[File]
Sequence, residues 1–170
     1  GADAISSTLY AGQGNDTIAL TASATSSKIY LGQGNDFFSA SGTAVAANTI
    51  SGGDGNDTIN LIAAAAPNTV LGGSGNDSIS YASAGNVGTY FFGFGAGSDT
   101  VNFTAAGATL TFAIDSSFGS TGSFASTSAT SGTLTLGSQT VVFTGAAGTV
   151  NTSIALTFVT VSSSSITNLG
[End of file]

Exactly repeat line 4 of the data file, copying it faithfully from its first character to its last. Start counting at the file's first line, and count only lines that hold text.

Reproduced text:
   101  VNFTAAGATL TFAIDSSFGS TGSFASTSAT SGTLTLGSQT VVFTGAAGTV